The above variation looks like two SRPP circuits in parallel, but it is not so, as the left bottom triode still functions in White cathode follower topology, as resistor Rk1 does not function as an AC current-sense resistor, but resistor Rak does. So why is resistor Rk1 there? It allows the input triode to bias correctly, as it functions as DC current-sense resistor.
I will end this SRPP-filled section with a hybrid SRPP OTL amplifier.
The PNP transistor and the triode above it define a Bastode circuit, which some refer to as an inverted cascode. The transistor's base receives its input signal from the triode's plate, which it then relays to to the triode above it through resistor Rk3. Capacitor C3 AC couples the output signal to the triode above the transistor. If the output signal fails to match the signal the transistor's base sees, resistor Rk2 sees the amplified error signal, which is then passed on to the SRPP stage. In other words, we have a negative feedback loop, but one that does not extend to the input stage. If we wanted to, we could use the inverting-amplifier feedback configuration by adding one resistor, which would span from the input triode's grid to the output.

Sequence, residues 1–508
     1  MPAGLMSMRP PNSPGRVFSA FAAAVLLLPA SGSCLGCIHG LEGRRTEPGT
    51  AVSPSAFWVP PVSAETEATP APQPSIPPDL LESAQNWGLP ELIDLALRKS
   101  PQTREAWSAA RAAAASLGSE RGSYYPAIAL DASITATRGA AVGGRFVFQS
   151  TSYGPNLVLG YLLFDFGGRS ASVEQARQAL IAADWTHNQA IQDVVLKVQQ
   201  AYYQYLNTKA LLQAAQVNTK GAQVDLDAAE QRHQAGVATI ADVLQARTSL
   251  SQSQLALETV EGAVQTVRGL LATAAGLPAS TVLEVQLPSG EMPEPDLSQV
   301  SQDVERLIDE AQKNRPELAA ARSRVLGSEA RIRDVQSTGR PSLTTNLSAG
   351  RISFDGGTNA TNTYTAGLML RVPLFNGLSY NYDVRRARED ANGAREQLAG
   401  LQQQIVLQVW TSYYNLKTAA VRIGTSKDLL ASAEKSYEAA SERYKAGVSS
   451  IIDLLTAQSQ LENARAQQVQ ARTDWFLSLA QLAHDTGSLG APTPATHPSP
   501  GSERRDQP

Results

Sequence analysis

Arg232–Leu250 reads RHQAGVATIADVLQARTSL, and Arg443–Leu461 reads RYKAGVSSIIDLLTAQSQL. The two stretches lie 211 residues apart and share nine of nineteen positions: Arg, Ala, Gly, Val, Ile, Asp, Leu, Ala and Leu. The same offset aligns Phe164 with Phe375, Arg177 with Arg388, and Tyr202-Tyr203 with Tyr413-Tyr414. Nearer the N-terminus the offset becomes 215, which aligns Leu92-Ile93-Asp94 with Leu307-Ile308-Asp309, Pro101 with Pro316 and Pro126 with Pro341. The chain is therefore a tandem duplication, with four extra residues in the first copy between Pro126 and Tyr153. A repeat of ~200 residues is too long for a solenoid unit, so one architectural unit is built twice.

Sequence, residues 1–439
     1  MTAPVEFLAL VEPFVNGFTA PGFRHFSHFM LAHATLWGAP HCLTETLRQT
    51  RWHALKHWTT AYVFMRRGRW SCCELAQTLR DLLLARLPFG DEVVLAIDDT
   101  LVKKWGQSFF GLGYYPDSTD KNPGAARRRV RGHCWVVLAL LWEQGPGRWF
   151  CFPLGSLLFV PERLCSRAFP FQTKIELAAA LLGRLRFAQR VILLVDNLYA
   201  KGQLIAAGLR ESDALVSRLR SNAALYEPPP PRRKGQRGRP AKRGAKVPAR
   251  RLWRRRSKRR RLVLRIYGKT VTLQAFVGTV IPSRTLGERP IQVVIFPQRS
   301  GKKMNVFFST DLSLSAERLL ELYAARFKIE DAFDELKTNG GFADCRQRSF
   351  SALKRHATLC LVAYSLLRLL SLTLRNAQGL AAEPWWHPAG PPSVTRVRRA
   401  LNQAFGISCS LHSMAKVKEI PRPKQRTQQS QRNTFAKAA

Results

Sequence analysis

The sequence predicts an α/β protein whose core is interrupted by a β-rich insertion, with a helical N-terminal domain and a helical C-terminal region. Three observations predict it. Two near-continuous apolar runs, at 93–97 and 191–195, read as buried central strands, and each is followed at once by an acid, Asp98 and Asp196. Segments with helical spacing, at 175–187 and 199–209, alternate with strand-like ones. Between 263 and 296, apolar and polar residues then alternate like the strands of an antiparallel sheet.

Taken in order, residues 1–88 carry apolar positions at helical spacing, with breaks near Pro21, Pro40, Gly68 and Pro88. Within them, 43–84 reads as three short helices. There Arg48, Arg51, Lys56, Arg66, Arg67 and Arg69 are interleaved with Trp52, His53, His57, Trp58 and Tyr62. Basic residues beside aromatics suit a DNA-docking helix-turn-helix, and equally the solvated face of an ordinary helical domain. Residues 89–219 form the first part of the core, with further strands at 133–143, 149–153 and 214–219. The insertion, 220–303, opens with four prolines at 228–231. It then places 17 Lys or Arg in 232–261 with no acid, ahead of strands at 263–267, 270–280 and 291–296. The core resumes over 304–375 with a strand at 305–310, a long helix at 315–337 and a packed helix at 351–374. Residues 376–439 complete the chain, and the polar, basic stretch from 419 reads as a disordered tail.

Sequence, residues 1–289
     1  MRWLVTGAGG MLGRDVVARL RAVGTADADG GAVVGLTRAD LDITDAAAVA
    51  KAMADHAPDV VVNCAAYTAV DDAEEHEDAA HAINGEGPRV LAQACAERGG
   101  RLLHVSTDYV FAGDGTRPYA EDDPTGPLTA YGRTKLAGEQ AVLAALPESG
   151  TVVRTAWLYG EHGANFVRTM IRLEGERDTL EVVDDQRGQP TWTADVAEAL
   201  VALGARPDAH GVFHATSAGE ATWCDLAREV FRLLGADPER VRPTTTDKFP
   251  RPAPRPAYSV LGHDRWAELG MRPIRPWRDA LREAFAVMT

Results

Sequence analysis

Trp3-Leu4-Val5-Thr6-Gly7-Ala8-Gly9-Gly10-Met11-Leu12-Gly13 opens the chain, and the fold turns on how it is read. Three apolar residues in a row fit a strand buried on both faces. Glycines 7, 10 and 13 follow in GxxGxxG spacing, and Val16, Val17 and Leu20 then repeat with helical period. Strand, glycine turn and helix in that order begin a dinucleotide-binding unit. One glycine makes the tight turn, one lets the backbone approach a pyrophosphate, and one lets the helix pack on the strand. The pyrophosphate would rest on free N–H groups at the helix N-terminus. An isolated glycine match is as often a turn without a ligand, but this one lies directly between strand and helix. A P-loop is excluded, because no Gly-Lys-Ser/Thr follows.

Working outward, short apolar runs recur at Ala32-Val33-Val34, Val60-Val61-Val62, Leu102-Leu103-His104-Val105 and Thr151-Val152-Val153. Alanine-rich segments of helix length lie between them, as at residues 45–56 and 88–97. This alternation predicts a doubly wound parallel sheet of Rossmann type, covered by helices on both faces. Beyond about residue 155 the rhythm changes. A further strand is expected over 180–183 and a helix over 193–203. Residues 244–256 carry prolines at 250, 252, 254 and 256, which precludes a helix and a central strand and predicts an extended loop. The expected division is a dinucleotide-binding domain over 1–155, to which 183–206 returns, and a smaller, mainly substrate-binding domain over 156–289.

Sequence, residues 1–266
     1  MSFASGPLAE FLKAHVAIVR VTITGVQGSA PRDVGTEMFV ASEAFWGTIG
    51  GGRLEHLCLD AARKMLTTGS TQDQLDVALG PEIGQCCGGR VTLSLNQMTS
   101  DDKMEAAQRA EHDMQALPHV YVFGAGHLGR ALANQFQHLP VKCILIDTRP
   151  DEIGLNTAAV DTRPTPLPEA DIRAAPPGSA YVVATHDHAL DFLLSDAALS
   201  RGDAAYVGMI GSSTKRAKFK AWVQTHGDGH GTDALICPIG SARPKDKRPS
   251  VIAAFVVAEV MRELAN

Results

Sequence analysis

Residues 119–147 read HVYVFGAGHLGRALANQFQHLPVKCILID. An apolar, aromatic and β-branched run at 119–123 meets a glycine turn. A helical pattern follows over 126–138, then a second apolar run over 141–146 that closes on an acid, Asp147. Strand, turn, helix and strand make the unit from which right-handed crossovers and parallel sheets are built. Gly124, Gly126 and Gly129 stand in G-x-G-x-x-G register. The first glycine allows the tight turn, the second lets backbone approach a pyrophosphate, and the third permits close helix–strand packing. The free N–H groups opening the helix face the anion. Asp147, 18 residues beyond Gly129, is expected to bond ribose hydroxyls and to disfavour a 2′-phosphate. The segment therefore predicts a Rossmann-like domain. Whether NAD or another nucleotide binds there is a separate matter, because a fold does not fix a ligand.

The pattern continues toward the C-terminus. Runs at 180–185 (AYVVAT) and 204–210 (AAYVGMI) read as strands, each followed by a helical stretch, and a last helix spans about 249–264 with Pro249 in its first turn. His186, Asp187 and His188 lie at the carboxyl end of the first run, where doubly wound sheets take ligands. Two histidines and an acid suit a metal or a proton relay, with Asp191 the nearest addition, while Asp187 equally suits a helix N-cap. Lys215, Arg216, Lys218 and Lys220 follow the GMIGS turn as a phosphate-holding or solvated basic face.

Making an augmented plate follower requires adding more active devices. The next circuit includes the easiest addition: an extra triode configured as a cathode follower. Since the negative feedback loop encompasses the cathode follower, the cathode follower's output is under the control of the input triode. The result is a much lower output impedance and lower distortion. An added benefit is that, if resistors Ra and RK2 equal each other, the circuit functions as a constant-current-draw buffer, which greatly unburdens the power supply, as the power supply does not "see" the signal; in turn, this means that the other channel does not "see" the other channel's signal either.